Last modified on August 3rd, 2020 at 5:34 am
The box jellyfish is undoubtedly infamous for the venomous punch its sting packs. It is definitely not an animal that you want to have an unplanned encounter with. However, the impact of their stings could soon be lessened. According to a recent study, there may be a new treatment that’ll take the sting right out of its venom.
Finding the Zinc based treatment
Angel Yanagihara, a research professor at the Department of Tropical Medicine at the University of Hawaii who was intrigued by box jellyfish after being stung, has begun to study their anatomy and found that a Zinc-based supplement has been proven to prevent death in lab mice injected with box jellyfish venom.
Gluconate, the zinc-based compound, works by preventing ions that keep the heart beating, from leaking out of blood vessels.
If further studies on larger test subjects prove to be successful, this treatment could be used to prevent human death from jellyfish stings.
A topical version of the compound has been found to reduce swelling and pain of the sting area. This is a promising sign.
Box jellyfish are one of the most deadly creatures on earth. “These are the most venomous animals in the world based upon fatalities over the last 30 years,” says Yanagihara. All that venom then seeps into the bloodstream. With each beat of your heart it’s being pumped around your circulatory system,” she said.
Preventing Cell Leakage
Previous research has shown that venom that contains a certain chemical causes blood vessels to leak. The cause is due to ring-like structures attach themselves to the blood vessels.
It was found that potassium ions were seeping out of the blood vessels, into plasma. It was concluded that this drop in potassium prevented the heart from beating properly, ultimately causing death.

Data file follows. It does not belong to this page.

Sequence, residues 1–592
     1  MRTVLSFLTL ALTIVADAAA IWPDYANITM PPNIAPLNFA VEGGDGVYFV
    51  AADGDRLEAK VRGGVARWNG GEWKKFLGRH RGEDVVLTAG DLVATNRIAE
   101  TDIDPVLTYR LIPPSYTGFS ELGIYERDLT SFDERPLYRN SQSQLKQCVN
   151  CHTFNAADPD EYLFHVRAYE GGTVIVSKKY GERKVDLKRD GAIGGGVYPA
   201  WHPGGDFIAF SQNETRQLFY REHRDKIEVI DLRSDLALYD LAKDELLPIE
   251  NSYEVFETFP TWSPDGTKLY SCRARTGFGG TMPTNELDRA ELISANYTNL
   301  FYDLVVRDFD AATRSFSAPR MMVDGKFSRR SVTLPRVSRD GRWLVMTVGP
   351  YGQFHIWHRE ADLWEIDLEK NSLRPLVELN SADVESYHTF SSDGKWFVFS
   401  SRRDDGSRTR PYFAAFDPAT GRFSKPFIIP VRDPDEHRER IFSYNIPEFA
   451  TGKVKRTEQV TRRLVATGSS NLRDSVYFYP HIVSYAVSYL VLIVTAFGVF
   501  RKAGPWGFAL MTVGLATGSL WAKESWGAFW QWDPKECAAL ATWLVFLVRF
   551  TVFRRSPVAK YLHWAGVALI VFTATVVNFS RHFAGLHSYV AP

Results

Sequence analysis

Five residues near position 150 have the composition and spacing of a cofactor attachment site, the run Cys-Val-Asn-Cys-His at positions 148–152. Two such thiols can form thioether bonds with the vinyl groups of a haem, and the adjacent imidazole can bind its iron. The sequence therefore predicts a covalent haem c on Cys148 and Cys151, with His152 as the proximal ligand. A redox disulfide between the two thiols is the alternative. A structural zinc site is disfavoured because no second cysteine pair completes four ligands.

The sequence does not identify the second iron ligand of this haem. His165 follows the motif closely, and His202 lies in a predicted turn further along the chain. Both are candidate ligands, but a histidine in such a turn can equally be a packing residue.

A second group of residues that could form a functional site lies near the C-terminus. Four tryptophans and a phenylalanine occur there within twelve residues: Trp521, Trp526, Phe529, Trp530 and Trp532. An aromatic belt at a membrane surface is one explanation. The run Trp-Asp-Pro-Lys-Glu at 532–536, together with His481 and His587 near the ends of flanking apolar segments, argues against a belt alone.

In previous experiments, researches have used zinc to prevent pores from assembling in bacteria. It was this same concept that was applied to the jellyfish anti-venom.
Findings suggested that zinc works by stopping potassium from leaking out of blood cells. If similar conclusions continue to be found by other researchers, this compound could soon be used as an oral or topical treatment for those unlucky enough to be stung by a jellyfish.
The Need For Treatment
Box jellyfish are known to kill upwards of 100 people each year. In areas such as Hawaii and Australia where box jellies are common, treatment is more important than ever.
Despite being home to some of the most deadly creatures on earth, deaths caused by box jellyfish. In Australia are much more common than deaths from other venomous creatures.
In recent years, box jellyfish have been expanding their territory substantially. More and more box jellyfish are showing up in areas around the Philippines, and even as far northwest as Florida and California.
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